02/07/2013 11:19 am ET Updated Apr 09, 2013

A 'Eureka' Moment: Mexico in New York

One of the curiosities of upstate New York is that the landscape is littered with towns and villages named after more famous counterparts in other parts of the world. In just St. Lawrence County, we have Potsdam, Canton, Madrid, Lisbon, and Stockholm, just to name a few. Yet among this repertoire of exotic place names transposed onto the New York map, one finds the hamlet of Churubusco, located in Clinton County, northwest of Lake Champlain and not too far from Montreal, Canada. As a specialist in early colonial Mexican history, I have been strongly attracted to this place.

According to most sources, the place was named by veterans of the Mexican-American War, in commemoration of the Battle of Churubusco. That battle took place in a small village directly south of Mexico City, in the far outskirts of the metropolis. The battle took place on August 20, 1847, when the Mexican army fell back on the village of Churubusco, taking up defensive positions near the Franciscan convent church. Just one month later the Mexican capital would fall and the victorious United States Army would impose a peace treaty.

What those veterans of the Mexican-American War did not know was that Churubusco was a very important and famous place in its own right. The original name of the village was Huitzilopochco, in Aztec times. In Nahuatl, the Aztec language, that means the "Place of Huitzilopochtli." Huitzilopochtli was the most important god of the cosmos and the Aztec tribal god. His name means "Hummingbird on the Left." Yet in spite of this imposing name, Huitzilopochco was a minor territory, one of four small city states in the southern part of the Valley of Mexico, along with Culhuacan, Mexicaltzingo, and Iztapalapa. The city of Huitzilopochco was located on the southeastern shore of Lake Texcoco, the lake which used to occupy much of what is now the Valley of Mexico. It also controlled the causeway which stretched from Tlalpan in the far south and Tenochtitlan, the Aztec capital, in the north, as well as where another causeway from Iztapalapa joined the Tlalpan causeway. It was an extremely strategic location.

When the Spanish conquerors arrived, the nuances of Nahuatl posed some difficulties to their tongues, so the poetic Huitzilopochco became the clumsy Churubusco. As part of the Spanish imperial enterprise, Franciscan friars arrived in Mexico on the heels of the conquest and began to convert the natives. One of their early centers for evangelization was the convent they founded in Huitzilopochco, now Churubusco.

So, in Northern New York, just a few miles from Quebec province in Canada, we have a hamlet named after a battle in the Mexican-American War, named after a village in the outskirts of Mexico City, derived from the name of the Aztec tribal god.

I love this 'eureka' moment which comes from finding commonalities from points on a map, reaching back to points in time -- some largely forgotten, some pivotal. Those connections allow us to momentarily 'travel' in time, remembering the people and places that have gone before.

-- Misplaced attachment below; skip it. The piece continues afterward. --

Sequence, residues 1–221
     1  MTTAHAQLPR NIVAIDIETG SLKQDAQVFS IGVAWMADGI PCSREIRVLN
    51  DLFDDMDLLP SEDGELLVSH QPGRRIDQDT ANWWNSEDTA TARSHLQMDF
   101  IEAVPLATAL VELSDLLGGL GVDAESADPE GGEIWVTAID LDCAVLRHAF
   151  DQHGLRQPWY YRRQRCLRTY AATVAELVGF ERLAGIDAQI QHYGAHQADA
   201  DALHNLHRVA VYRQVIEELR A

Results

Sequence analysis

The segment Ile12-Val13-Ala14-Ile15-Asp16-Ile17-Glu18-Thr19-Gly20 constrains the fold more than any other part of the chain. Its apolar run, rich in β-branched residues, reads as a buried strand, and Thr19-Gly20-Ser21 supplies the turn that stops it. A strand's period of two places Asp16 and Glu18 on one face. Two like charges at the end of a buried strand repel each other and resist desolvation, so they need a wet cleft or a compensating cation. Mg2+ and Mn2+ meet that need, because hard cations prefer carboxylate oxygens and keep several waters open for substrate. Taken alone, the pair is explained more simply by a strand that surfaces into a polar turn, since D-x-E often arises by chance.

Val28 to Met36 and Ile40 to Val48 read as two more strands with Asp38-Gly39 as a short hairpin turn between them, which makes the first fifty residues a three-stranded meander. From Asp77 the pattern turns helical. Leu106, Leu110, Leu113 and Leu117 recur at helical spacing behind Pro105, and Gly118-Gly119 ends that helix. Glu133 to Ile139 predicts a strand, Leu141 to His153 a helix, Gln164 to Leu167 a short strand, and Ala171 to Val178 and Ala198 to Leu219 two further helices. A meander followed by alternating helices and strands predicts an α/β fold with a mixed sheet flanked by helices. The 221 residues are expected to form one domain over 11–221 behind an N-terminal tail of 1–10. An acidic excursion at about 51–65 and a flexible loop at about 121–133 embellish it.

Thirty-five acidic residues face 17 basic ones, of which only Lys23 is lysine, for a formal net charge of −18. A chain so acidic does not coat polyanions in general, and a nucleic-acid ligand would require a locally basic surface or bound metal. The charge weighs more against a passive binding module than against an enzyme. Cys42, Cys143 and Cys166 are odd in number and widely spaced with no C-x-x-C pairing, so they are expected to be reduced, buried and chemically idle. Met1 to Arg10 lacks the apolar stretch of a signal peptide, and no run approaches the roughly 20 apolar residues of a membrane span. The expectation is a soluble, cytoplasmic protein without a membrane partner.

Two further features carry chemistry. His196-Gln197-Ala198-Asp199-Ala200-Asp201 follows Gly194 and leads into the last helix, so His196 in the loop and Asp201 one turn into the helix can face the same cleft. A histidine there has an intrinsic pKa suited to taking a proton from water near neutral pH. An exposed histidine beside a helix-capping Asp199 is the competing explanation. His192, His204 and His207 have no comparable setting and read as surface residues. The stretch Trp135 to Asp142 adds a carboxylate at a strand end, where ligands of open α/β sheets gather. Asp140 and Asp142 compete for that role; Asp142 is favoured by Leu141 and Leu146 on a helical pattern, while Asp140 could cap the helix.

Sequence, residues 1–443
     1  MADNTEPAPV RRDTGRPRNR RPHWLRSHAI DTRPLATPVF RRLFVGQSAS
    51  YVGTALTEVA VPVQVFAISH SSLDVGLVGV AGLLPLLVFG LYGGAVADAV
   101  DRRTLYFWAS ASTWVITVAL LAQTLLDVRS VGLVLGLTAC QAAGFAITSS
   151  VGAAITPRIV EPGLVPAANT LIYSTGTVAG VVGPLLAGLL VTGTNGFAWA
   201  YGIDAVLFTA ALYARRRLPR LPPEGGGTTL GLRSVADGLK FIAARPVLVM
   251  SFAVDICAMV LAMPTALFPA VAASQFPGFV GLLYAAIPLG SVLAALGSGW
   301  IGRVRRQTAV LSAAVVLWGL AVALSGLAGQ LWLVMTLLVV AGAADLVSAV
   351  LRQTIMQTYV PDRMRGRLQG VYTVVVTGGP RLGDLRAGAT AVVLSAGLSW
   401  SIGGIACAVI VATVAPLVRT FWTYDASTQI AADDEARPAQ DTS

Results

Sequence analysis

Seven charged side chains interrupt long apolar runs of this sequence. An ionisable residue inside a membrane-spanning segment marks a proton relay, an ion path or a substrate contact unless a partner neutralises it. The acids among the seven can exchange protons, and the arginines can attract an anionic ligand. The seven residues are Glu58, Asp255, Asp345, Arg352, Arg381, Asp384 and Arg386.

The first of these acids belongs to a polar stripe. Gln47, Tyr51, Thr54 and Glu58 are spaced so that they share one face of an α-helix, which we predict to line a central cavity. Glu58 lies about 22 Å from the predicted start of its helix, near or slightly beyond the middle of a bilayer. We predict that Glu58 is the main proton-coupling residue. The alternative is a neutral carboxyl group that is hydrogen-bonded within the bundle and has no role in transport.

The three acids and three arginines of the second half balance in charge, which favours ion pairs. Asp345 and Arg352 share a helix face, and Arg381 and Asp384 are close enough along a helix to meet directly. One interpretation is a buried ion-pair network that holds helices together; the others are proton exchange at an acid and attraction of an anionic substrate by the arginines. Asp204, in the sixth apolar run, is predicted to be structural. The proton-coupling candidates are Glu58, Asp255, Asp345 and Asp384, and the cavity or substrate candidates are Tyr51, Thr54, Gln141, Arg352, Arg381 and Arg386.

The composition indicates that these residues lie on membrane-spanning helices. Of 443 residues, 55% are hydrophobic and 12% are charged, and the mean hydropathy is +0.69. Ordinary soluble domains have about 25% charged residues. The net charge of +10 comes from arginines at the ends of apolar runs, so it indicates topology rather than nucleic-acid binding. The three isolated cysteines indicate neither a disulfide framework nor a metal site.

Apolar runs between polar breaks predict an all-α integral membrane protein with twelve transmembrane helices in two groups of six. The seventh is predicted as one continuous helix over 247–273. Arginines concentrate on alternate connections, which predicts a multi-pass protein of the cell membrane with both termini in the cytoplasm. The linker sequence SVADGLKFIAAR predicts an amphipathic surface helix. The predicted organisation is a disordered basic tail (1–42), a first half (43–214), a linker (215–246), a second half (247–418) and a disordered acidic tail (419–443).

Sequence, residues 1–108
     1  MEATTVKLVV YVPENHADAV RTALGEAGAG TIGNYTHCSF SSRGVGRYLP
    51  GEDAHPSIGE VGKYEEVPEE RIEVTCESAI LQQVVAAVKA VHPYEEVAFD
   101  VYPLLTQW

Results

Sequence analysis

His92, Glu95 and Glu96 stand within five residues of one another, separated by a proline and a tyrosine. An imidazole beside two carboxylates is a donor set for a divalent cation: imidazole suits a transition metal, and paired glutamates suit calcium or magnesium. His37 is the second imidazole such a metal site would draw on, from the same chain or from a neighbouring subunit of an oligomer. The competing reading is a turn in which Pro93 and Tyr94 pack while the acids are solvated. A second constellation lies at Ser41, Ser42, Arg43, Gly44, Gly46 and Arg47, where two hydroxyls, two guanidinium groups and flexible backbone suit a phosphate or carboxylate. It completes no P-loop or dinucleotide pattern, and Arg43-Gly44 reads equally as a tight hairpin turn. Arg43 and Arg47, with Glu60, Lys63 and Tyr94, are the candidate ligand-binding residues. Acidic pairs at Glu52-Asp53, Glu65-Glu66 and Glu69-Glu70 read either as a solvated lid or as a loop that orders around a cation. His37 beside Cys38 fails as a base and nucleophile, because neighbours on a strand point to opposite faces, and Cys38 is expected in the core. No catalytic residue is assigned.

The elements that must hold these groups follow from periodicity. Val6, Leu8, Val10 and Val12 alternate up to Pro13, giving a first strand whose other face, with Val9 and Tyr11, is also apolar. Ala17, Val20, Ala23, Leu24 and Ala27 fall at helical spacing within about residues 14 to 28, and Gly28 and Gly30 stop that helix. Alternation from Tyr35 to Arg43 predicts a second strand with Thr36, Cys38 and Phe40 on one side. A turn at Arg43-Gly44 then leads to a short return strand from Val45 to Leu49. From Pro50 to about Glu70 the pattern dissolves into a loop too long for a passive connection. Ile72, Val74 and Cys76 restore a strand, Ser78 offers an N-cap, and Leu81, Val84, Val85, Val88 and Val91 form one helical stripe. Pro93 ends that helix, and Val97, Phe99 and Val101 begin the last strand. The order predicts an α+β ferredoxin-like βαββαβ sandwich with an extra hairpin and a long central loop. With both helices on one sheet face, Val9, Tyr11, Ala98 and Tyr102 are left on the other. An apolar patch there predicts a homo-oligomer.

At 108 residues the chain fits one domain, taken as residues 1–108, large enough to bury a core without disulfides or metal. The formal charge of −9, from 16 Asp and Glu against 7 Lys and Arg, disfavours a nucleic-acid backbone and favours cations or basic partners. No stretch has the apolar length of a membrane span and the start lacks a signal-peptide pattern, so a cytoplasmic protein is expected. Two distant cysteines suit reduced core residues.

This is a lot like liberal education. We consciously try to make connections between things that on the surface not only seem unconnected, but even totally unrelated. This is why graduates of liberal arts colleges are so highly prized in the workplace: they make the connections which lead on to new discoveries.

A group of eight students recently made just such connections on a unique SUNY Potsdam travel course that brought them to Mexico for two weeks in January, to continue their study of the historical development of mathematics in various cultures. After learning about the mathematics of ancient Egypt, Mesopotamia, India, China, Islamic nations and Greece, they were immersed in Meso-American math. The class was generously hosted by the Universidad Autónoma del Estado de Hidalgo, the university with which we are proud to have formed an exchange partnership. The course instructors, Dr. Blair Madore and Dr. Cheryl Miller, challenged the students throughout the trip to find connections between history, culture and mathematics. For instance, the students were asked to complete a scavenger hunt while visiting Teotihuacan, to orient themselves at the enormous archaeological site -- and then, they had to use the mathematics skills they had learned to figure out just how complex and difficult it was to construct the Pyramid of the Sun.

At SUNY Potsdam, as a liberal arts college, we revel in the fact that students take literature courses, physics, sociology and art at the same time, and bless their souls, they find the connections. Yes, we guide their discovery. Yes, we try hard to empower them to make the connections, to discover it on their own. But at the end of the day, they make the connections. I hope they enjoy those 'eureka' moments as much as I do.